I was introduced to Rip in Forks Over Knives, as his story was used as an example at the firehouse he works at. The fire fighters at Engine 2 had a peer who’s total cholesterol was 344. In a challenge they decided to move to a “plant strong lifestyle.” This documentary explores two families who decide to take the challenge and learn about a plant based, whole food diet.

Much like FOK and The McDougall Program, Rip is introduced to the families and prepares them for the change they will experience. The refrigerator and pantry are open and foods that make up the “standard American diet” or SAD are removed. The families are introduced to reading the nutritional facts, as opposed to the label to see what they are eating. A trip to the local market for vegetables and a little education make these families eager to see what flavorful recipes Rip can cook up.

As a “SAD” eater I have experienced what these families were going through, looking for recipes that are filling or “having substance” as my wife calls it, as well as having good flavor, while avoiding those foods, such as meat, dairy and oil that are not healthy. Having cooked for 3 months now my library of recipes continue to grow. Initial it was difficult or found it time consuming to put together a good tasting meal that my wife and 6 year old would enjoy and look forward to eating.

With the help of the families rip put together a daily menu of breakfast, lunch and dinner for both. Needless to say the meals were quick, easy and from the comments of the families very tasty. For example, the Wali Family was introduced to Ann’s Panani Sandwich with Hummus, Mushrooms and Spinach while the White couple were introduced to am American favorite, which has been made heart healthy, a vegetarian burger with potatoes cut into fries. Both meals made with plant based, whole foods and introducing both to a “plant strong lifestyle” in the kitchen.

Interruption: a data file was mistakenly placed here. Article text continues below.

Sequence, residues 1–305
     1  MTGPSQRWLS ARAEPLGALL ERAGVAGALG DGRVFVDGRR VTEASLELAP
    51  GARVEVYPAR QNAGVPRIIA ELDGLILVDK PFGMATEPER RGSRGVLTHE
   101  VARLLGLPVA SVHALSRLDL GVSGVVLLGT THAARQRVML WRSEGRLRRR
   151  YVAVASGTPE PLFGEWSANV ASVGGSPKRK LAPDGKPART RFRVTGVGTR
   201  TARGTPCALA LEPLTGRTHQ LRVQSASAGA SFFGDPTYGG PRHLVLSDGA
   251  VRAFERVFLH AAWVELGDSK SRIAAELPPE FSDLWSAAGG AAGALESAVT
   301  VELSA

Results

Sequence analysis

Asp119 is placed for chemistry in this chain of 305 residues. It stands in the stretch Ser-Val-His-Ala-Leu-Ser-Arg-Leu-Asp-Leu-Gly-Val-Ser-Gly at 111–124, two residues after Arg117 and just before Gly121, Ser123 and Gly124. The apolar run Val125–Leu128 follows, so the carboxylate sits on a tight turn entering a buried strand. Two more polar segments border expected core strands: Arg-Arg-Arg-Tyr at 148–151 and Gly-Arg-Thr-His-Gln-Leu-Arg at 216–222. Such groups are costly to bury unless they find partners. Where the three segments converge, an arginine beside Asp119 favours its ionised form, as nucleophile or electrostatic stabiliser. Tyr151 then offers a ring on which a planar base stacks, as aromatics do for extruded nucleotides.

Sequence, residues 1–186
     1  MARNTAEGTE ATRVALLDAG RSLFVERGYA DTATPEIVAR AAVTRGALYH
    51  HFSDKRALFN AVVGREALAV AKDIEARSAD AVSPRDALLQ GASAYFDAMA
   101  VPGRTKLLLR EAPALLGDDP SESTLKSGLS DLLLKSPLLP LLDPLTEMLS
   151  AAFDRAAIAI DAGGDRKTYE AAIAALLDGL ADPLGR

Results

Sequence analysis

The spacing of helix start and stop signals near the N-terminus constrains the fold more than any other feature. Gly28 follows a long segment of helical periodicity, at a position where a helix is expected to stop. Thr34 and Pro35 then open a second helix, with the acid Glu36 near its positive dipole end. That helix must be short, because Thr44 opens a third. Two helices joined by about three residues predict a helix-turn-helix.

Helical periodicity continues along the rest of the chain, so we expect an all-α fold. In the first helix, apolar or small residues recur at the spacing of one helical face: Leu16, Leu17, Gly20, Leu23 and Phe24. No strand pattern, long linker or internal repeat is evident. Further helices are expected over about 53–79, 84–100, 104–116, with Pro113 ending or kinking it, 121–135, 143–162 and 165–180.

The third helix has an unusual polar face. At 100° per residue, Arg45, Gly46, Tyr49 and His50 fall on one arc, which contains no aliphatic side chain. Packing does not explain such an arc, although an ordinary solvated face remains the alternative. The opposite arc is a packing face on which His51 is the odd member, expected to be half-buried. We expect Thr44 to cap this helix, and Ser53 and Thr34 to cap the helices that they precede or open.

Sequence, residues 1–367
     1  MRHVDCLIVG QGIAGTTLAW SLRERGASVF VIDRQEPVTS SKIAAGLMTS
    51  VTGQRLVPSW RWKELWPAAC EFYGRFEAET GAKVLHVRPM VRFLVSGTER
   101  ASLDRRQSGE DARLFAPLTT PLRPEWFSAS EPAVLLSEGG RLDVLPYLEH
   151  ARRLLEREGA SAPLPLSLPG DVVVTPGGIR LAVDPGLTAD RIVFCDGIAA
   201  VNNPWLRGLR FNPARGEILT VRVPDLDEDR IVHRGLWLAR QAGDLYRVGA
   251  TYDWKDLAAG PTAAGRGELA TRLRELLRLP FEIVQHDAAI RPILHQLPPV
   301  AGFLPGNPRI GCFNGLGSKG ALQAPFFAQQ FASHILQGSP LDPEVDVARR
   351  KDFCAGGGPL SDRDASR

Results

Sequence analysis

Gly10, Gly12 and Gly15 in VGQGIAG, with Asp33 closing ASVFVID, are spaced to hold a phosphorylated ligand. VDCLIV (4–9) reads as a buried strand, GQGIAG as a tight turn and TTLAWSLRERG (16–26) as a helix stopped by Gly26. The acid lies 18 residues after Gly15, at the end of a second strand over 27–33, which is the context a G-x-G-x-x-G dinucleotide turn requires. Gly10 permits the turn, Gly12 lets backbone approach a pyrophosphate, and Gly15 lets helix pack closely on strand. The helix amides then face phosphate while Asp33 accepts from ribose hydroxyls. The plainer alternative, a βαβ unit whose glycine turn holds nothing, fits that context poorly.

The Engine 2 Diet ‘Kitchen Rescue’ also has a supporting web site that provides some good introductory recipes that are quick and easy for people wanting to take control of their healthy and eat differently. Rip also authored The Engine 2 Diet: The Texas Firefighter’s 28-Day Save-Your-Life Plan that Lowers Cholesterol and Burns Away the Pounds. This book is similar to what Dr. John McDougall outlined in The McDougall Plan. Unlike Dr. McDougall’s 12-day program, Rip provides readers with a 28-day plan to better health.

Overall I enjoyed the documentary, which I took as more supporting evidence for a “plant strong lifestyle.” It’s a bit quicker and easier to follow than Forks Over Knives and doesn’t include the numbers, science or studies behind the diet. Rip does a good job of keeping it simple for the family members, while providing them introductory information to what the lifestyle change constitutes. I do have his book on my want list and look forward to reading it. While I am promoting a plant based, whole food diet I won’t push others to join me. It’s a personal decision and one must make a strong commitment and have the desire to change your lifestyle for the betterment of your health.